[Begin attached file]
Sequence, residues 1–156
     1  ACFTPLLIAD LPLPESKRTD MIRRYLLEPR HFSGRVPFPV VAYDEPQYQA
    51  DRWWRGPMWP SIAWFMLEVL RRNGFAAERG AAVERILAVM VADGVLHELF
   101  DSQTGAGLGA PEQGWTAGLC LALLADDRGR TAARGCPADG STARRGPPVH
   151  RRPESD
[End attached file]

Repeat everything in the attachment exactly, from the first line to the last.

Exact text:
Sequence, residues 1–156
     1  ACFTPLLIAD LPLPESKRTD MIRRYLLEPR HFSGRVPFPV VAYDEPQYQA
    51  DRWWRGPMWP SIAWFMLEVL RRNGFAAERG AAVERILAVM VADGVLHELF
   101  DSQTGAGLGA PEQGWTAGLC LALLADDRGR TAARGCPADG STARRGPPVH
   151  RRPESD